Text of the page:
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By , STEVE DOUGLAS
Published October 26, 2018
It began as a project in a Swedish town to get misbehaving kids off the street. Now, it has grown into a top-flight soccer team that has given the Kurdish minority — scattered and ravaged by war for decades — something to cherish as its own.
The 14-year journey of the team known as Dalkurd is an unlikely story of second chances, cultural integration and using the world's most popular sport as a force for good.
"We are like the big symbol for the Kurdish people," said Peshraw Azizi, who fled northern Iraq for Sweden with his family in 2000 and has played for Dalkurd for much of the club's astonishing rise. "We are their national team."
At a time when immigration is at the top of the political agenda in Sweden, Dalkurd's status in the country's leading soccer league, Allsvenskan, is striking. It is a notion that would have been scoffed at when the team was founded in 2004.
That's the year that 15 youngsters — a mix of nationalities and backgrounds including Kurds, Africans and Arabs — were released because of disciplinary reasons from IK Brage, the main soccer team in Borlange, a town in the county of Dalarna. They were friends from a rough area of the rural town and soccer was the main thing in their lives.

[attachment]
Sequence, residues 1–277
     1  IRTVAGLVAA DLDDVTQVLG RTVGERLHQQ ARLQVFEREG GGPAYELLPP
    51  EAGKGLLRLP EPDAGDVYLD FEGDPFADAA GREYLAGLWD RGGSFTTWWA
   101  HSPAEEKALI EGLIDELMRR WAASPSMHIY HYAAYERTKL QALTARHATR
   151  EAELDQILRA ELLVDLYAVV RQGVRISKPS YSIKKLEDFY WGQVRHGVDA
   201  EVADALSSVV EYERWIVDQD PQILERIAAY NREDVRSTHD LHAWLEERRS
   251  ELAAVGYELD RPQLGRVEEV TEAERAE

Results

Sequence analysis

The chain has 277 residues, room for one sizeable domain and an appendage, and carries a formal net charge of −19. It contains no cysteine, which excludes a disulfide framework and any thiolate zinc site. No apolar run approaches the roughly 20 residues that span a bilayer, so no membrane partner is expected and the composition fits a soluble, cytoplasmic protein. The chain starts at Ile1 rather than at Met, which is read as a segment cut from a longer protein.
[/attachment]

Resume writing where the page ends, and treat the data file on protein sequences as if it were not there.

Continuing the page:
A group of Kurdish migrants living in Borlange decided to start a new club, using the 15 ousted players as the nucleus of the squad. They saw it as a way to give something back to a community that had welcomed them as refugees.
They called the team Dalkurd — a fusion of the name of the locality, Dalarna, and the founders' Kurdish roots. It adopted the colors of the Kurdish flag: red, white and green, with a golden sun at the center.